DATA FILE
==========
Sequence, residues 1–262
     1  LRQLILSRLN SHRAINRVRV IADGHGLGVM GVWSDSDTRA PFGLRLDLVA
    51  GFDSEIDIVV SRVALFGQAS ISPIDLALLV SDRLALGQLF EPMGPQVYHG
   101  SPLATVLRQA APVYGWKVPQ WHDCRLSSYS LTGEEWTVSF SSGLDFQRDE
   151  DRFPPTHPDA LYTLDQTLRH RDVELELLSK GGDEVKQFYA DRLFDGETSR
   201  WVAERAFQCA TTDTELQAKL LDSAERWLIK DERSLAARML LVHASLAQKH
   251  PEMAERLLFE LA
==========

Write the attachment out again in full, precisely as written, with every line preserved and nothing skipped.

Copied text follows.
Sequence, residues 1–262
     1  LRQLILSRLN SHRAINRVRV IADGHGLGVM GVWSDSDTRA PFGLRLDLVA
    51  GFDSEIDIVV SRVALFGQAS ISPIDLALLV SDRLALGQLF EPMGPQVYHG
   101  SPLATVLRQA APVYGWKVPQ WHDCRLSSYS LTGEEWTVSF SSGLDFQRDE
   151  DRFPPTHPDA LYTLDQTLRH RDVELELLSK GGDEVKQFYA DRLFDGETSR
   201  WVAERAFQCA TTDTELQAKL LDSAERWLIK DERSLAARML LVHASLAQKH
   251  PEMAERLLFE LA